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Abstract / Description of output
Glucocorticoids are potent inhibitors of angiogenesis in the rodent in vivo and in vitro but the mechanism by which this occurs has not been determined. Administration of glucocorticoids is used to treat a number of conditions in horses but the angiogenic response of equine vessels to glucocorticoids and, therefore, the potential role of glucocorticoids in pathogenesis and treatment of equine disease, is unknown. This study addressed the hypothesis that glucocorticoids would be angiostatic both in equine and murine blood vessels.The mouse aortic ring model of angiogenesis was adapted to assess the effects of cortisol in equine vessels. Vessel rings were cultured under basal conditions or exposed to: foetal bovine serum (FBS; 3%); cortisol (600 nM), cortisol (600nM) plus FBS (3%), cortisol (600nM) plus either the glucocorticoid receptor antagonist RU486 or the mineralocorticoid receptor antagonist spironolactone. In murine aortae cortisol inhibited and FBS stimulated new vessel growth. In contrast, in equine blood vessels FBS alone had no effect but cortisol alone, or in combination with FBS, dramatically increased new vessel growth compared with controls. This effect was blocked by glucocorticoid receptor antagonism but not by mineralocorticoid antagonism. The transcriptomes of murine and equine angiogenesis demonstrated cortisol-induced down-regulation of inflammatory pathways in both species but up-regulation of pro-angiogenic pathways selectively in the horse. Genes up-regulated in the horse and down-regulated in mice were associated with the extracellular matrix. These data call into question our understanding of glucocorticoids as angiostatic in every species and may be of clinical relevance in the horse.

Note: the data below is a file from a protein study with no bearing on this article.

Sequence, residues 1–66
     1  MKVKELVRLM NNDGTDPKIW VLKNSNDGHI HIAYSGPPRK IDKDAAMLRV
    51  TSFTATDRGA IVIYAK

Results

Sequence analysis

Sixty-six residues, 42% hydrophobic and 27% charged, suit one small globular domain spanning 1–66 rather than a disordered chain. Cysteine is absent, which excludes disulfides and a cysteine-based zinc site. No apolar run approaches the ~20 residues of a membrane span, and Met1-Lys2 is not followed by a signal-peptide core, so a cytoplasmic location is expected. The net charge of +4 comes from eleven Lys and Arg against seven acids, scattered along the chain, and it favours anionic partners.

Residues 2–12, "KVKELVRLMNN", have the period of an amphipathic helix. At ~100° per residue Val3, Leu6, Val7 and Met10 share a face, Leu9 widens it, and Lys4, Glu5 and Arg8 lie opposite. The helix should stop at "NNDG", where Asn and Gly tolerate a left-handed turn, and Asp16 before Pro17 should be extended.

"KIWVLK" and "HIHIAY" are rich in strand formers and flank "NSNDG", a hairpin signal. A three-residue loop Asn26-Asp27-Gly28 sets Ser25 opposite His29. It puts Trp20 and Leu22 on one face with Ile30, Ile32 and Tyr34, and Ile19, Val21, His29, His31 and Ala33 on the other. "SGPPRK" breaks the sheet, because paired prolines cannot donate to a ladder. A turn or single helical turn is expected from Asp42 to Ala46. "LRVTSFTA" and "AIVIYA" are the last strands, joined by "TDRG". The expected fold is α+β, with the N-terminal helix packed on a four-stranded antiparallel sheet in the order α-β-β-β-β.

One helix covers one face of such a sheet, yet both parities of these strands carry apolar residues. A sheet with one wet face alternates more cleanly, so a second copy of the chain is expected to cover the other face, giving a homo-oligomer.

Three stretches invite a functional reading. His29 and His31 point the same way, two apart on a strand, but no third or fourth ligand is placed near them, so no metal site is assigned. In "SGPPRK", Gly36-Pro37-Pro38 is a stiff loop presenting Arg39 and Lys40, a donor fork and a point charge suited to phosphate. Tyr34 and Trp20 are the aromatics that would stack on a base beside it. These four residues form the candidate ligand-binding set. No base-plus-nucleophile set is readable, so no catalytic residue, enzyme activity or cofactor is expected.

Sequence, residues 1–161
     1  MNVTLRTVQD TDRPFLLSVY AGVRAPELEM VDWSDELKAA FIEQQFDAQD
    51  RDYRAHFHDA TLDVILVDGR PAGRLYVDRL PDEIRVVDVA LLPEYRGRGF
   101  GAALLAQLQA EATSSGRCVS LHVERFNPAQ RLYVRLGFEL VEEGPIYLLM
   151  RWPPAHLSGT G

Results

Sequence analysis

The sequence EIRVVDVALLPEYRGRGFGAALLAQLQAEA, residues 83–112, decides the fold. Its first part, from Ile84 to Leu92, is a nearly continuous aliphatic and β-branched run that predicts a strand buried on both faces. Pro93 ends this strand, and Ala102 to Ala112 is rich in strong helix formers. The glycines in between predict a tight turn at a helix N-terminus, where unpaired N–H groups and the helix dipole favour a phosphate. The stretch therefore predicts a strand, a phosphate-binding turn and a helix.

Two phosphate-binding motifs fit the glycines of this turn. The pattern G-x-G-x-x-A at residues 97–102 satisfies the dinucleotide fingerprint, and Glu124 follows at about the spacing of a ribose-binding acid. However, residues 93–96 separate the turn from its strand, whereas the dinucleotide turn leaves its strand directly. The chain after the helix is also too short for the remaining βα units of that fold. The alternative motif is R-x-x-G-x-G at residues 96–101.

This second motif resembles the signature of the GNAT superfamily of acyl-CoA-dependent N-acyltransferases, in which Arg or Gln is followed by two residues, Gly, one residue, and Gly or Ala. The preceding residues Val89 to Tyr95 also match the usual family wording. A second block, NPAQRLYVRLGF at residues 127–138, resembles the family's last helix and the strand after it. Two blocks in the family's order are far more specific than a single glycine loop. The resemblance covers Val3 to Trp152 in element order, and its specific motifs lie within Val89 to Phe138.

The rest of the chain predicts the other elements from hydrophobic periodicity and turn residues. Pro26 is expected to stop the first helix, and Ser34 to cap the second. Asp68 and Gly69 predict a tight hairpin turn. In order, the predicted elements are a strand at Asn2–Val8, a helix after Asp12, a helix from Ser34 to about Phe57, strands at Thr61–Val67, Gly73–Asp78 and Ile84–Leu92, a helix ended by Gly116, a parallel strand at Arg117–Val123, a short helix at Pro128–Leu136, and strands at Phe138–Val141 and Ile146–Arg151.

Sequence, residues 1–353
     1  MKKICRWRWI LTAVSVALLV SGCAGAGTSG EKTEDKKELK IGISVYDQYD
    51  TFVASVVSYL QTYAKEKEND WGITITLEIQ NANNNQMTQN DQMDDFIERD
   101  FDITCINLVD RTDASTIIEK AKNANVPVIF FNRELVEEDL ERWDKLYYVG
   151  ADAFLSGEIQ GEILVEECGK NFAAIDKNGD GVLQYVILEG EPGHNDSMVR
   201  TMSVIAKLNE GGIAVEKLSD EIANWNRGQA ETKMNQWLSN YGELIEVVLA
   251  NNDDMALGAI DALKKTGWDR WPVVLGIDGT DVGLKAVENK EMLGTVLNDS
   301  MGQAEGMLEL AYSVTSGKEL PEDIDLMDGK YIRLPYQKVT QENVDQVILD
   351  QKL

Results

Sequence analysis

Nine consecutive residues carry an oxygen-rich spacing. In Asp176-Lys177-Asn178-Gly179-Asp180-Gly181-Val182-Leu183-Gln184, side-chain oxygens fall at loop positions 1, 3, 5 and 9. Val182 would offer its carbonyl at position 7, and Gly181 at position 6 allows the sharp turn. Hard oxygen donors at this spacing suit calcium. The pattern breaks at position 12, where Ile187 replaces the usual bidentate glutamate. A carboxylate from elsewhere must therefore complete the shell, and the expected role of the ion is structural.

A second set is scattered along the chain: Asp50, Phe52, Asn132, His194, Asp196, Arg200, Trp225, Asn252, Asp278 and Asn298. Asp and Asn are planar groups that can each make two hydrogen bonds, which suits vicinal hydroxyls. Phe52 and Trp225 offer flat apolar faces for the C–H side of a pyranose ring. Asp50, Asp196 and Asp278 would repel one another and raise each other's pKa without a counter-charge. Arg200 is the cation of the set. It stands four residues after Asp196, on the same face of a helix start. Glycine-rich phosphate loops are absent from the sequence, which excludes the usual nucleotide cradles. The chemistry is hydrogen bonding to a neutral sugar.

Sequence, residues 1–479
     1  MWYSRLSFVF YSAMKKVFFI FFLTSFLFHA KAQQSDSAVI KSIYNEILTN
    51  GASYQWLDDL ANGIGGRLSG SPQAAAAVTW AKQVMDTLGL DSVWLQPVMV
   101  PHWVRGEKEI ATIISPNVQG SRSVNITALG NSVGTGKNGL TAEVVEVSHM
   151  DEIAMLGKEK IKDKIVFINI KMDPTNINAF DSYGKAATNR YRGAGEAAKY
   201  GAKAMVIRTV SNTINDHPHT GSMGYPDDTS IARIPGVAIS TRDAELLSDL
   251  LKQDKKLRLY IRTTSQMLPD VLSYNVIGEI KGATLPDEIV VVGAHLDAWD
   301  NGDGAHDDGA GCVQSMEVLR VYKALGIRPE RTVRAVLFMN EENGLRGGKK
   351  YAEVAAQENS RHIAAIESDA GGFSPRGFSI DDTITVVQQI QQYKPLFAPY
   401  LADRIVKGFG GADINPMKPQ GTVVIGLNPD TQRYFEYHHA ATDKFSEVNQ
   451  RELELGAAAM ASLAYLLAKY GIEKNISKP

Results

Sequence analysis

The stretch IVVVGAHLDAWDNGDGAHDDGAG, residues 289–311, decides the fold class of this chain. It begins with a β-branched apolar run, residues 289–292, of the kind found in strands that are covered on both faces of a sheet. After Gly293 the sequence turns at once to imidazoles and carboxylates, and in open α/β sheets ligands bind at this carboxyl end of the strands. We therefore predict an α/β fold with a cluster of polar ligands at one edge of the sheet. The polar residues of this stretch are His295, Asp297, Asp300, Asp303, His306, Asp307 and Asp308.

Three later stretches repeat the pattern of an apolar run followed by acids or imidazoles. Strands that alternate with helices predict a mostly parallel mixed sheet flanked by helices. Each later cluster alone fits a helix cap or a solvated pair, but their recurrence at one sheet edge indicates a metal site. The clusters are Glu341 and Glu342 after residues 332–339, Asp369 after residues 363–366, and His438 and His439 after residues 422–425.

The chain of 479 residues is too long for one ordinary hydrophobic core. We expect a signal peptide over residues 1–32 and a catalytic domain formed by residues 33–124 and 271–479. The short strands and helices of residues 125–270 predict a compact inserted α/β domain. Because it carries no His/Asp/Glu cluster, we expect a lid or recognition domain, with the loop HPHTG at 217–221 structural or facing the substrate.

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- 2 Finished
1/03/12 → 30/04/16
1/03/12 → 29/02/16